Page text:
5G will enable a future of connected devices, but privacy protections must be put into place, according to Willetts.
By Matthew Broersma
Industry and the government must ensure that users feel comfortable with entrusting their data to Internet of Things (IoT) devices if next-generation wireless networks are to succeed in reaching their full potential, according to Conservative MP and former science minister David Willetts.
Speaking at the 5G Huddle event in London, Willetts said the UK has the opportunity to take the lead on 5G wireless, but cautioned that privacy fears could harm the technology's future, citing the example of the NHS' care.data project, the centralized database delayed earlier this year
following pressure from privacy groups.
"It's far better if the industry can be early on driving the standards and protocols that will properly protect privacy," he said.
He cited Google's purchase of smart appliance maker Nest
showed the strong corporate interest in the data provided by connected devices, and said individuals must feel that they have control of their data. One way of achieving this could be the institution of a "modest payment" for the use of data, a change from the "bartering" in place today.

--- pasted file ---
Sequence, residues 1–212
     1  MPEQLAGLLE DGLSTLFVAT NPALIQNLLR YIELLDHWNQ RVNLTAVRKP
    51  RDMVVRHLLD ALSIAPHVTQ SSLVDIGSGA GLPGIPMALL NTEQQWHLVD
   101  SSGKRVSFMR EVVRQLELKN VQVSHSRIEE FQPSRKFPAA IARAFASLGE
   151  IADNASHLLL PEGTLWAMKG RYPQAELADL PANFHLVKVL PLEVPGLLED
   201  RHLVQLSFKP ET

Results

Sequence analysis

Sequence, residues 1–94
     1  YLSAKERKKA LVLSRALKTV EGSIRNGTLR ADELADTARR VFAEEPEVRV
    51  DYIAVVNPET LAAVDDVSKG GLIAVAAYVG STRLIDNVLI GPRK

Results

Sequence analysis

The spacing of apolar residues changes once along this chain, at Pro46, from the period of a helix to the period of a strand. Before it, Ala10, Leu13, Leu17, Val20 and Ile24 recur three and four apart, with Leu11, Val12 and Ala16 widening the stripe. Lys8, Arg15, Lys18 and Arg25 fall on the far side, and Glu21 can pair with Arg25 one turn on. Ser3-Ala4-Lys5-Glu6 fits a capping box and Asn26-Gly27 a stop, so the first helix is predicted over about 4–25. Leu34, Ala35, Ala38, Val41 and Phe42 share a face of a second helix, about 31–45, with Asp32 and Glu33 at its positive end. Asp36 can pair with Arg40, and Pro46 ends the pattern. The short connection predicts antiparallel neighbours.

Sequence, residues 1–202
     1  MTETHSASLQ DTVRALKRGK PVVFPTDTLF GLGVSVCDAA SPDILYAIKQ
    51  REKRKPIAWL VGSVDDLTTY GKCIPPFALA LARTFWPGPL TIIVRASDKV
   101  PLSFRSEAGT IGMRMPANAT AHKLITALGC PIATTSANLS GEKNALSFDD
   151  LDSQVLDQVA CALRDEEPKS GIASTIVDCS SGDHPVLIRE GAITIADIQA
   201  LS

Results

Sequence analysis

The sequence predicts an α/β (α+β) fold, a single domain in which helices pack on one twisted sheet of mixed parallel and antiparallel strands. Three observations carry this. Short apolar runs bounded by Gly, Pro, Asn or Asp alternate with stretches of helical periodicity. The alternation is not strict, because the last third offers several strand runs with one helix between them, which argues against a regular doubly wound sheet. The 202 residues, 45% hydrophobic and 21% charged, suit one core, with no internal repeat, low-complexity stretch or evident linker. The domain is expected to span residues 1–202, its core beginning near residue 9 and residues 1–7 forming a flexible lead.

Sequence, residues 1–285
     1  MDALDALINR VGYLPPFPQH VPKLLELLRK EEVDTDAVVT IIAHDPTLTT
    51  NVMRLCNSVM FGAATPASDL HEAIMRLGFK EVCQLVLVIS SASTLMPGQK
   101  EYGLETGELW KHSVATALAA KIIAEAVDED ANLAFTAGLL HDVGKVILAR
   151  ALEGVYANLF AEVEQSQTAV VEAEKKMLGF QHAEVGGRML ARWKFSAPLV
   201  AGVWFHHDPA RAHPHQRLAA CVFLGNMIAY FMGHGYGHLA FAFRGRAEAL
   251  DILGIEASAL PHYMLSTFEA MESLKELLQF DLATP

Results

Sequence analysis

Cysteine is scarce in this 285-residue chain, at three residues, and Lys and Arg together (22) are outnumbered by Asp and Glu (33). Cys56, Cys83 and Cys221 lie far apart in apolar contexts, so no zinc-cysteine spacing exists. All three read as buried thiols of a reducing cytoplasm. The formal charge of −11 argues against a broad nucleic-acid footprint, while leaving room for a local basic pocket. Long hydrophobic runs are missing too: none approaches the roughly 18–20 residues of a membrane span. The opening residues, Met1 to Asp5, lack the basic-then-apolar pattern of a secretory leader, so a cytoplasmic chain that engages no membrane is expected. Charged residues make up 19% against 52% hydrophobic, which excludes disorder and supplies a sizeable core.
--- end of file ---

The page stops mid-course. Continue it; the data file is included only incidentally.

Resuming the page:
He said the potential for 5G to drive connected devices, from smart meters to home appliances, had "caught the imagination" in government, and predicted future wireless technology would see many more machine-to-machine connections.
The UK can be a 5G leader if it gets involved early on in standards and research, Willetts said.
The government has provided significant funding to 5G research projects, including a £5m grant to the University of Surrey
. Some of this funding is to be spent on what the university calls the world's first dedicated 5G Innovation Centre (5GIC), still under construction in Guildford and expected to open in April 2015.
Earlier this year Prime Minister David Cameron promised the UK will work with Germany
on 5G and IoT, and Willetts said the UK is also working with Chinese firms on emerging standards.
China's Huawei said last year it would spend at least $600m (£374m) on 5G technologies, predicting the first such networks would be ready for deployment by 2020.
Simon Towler, the head of telecommunications policy at the Department for Culture, Media and Sport (DCMS), told the event that the government is working to provide the "best possible" policy and legislation environment for 5G development.